Kat holds a sacred space for people to grow as independent thinkers by exploring, discovering and embracing their true authenticity and to inspire others with love, understanding and empowerment.

Her mentoring has changed lives, locally and internationally.  She is also a writer, herbalist, aromatherapist and lightworker.

Contact info:  info@taproots.com

Visit her website:  www.taprootsforlife.com (currently under construction)

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Awakening to Gratitude- A Family Thanksgiving Message

On Thanksgiving, 2014, I recall that after some masterful cooking in the kitchen, we sat down to a meal.  It had become my  family tradition. After years of both sides of family arguing over whose turn it was that we come to their Thanksgiving, I finally had enough and drew the line in the sand to declare that my own family would be having dinner at our home.

By 1995, my children were at an age (17, 15 and 10) where it was even more important to gather the troops after  shuffling around our schedules and continual running with soccer games, track meets, religion classes, music lessons/concerts, trips to the doctors while balancing all of this with my busy work schedule.  My husband began to cherish and look forward to this time, as well, as he was the grounding force behind the scenes when things got chaotic.  It was his time to relax and enjoy the moment of fun, kids, and food.

In 2014, Thanksgiving was, in my opinion, the perfect feast. [Every year, I seemed lay claim that this was my best culinary year ever. Family cooks, I’m sure you can relate!]  Turkey, mashed potatoes and gravy, sauteed green beans, maple carrots, salad, and my traditional RTS (rosemary, sage & thyme) stuffing.  Of course no Thanksgiving dinner is complete without wine and desserts: pumpkin and pecan piesfood-791640_1920

So! I’ve addressed the reason we celebrate with only my family, and, or course, the food – important on this day.   From the kitchen on that blustery 2014 day outside, I beckoned the family from the games they were playing in our warm, cozy living room, shouting the infamous “It’s time to eat!”  Imagine “kids” in their 30’s, running to the table, elbowing each other – now with grandchildren (16, 14, and 12) vying for their place at the table with the adults.  A happy, and familiar, sight for an aging mother’s eyes!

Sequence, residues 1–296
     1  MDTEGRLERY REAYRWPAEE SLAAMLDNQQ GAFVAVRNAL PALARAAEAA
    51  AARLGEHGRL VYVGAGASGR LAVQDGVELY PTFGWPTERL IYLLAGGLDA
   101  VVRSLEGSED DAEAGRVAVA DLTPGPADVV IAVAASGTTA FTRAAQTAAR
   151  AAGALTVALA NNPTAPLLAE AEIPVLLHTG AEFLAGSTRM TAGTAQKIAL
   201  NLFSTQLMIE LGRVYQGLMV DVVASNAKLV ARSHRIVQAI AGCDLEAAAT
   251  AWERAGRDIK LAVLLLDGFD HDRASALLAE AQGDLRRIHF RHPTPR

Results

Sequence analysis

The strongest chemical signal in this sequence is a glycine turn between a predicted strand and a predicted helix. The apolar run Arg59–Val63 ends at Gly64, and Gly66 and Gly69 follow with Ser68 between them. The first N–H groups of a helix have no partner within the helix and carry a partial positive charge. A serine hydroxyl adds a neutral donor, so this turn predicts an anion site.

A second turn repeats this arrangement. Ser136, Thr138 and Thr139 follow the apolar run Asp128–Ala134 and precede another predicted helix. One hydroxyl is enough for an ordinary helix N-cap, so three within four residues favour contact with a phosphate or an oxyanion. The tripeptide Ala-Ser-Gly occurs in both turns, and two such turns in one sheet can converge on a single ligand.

We finally sat down to eat, gazed in amazement around at all the food on the table and, at that moment, I decided that we needed to say out loud what we were thankful for.  I started.  “I am thankful for these days when we are together, laughing, playing and enjoying each other.”  We continued around the table and each person voiced gratitude for things in their life or the day.

Last, but certainly, not least ,was my oldest son, whman-1209574_1920o usually had an entirely different outlook on life.  He paused, swallowed, then said with deep thought, “I’m thankful for each day that I am able to draw a breath of life.”  Silence seized the moment, frozen still in a sudden time-warp of mystic befuddlement.

Everyone heard the message, everyone seemed to want to embrace the message, but were grappling with their own egos to respond delicately to such a profound statement.  My heart drew inward just that moment.  I felt his painful journey to gratitude, yet this was such a precious moment of beauty for the souls sitting around the table.

These words might not have much bearing on the average family at a Thanksgiving table, but this was different.  My son had accomplished living to be 34 years surgery-590536_1920old, battling Cystic Fibrosis since he was born.  His struggle to simply breathe had become a daily battle. Yes, his message was quite different.   How does one find gratitude when faced with the struggles of multiple stomach surgeries, diabetes, pain, and now, just breathe, function, and live life every day?

His words created a very sudden immediate, humbling moment for those around the table.  The family members  who said they were grateful for material things like turkey dinner,the upcoming football game, or something humorous to skate from any emotion that may creep in while listening to everyone else’s heartfelt thanks, were now questioning their own sense of gratitude.  My son was intense yet modest about his words of gratitude.  My son, who was usually the one to issue humor or gregarious quotes. The moment of silence was peaceful, yet this hollow space yearned to be filled.

Then a gift broke the silence..quite humbly, each person at the table began to thank him for giving his heart to this momentous piece of time.   I looked upon my family at this meal in a more loving light, as my heart beat with a heart-1318850_1920great sense of joy and satisfaction.  My children had become beautiful adults and I can be thankful for years to come that they will look out for each other and be grateful for different things in life.

I will always remember my son’s words that day.  It made me think of how precious our lives are on this earth with such little time to create our mark of love and gratitude.

My son’s words made time stand still for just a small moment to allow everyone space to go inward for a self-check of why we exist: To love, be loved, and walk in gratitude every single day of our lives.

May you all find love and peace in your moment at Thanksgiving and  wherever you celebrate gratitude around the world.

HippyKat

Kat helps people awaken the light within to live a life of joy.  She believes that every person deserves to live their authenticity with conviction and a voice to be heard.

She is a Core Alignment Mentor, Professional Neuro Linguistic Programmer and Emotional Wisdom Trainer.  Kat  is also a writer, aromatherapist, and energy worker.  Her work has helped many people overcome fear, anxiety, loss of confidence, memory loss and more.  She conducts 95% of her mentoring over the phone.

Kat is currently taking new clients for December 2016.                                                                        E-mail:  livingmywisdom@gmail.com or  call 314-359-2647